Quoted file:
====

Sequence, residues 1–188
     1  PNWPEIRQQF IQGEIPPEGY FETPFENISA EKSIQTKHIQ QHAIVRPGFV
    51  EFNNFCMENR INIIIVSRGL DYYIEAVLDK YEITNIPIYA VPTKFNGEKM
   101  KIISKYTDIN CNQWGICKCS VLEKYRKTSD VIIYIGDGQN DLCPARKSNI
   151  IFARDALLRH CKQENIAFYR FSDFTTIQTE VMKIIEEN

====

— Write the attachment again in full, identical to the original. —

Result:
Sequence, residues 1–188
     1  PNWPEIRQQF IQGEIPPEGY FETPFENISA EKSIQTKHIQ QHAIVRPGFV
    51  EFNNFCMENR INIIIVSRGL DYYIEAVLDK YEITNIPIYA VPTKFNGEKM
   101  KIISKYTDIN CNQWGICKCS VLEKYRKTSD VIIYIGDGQN DLCPARKSNI
   151  IFARDALLRH CKQENIAFYR FSDFTTIQTE VMKIIEEN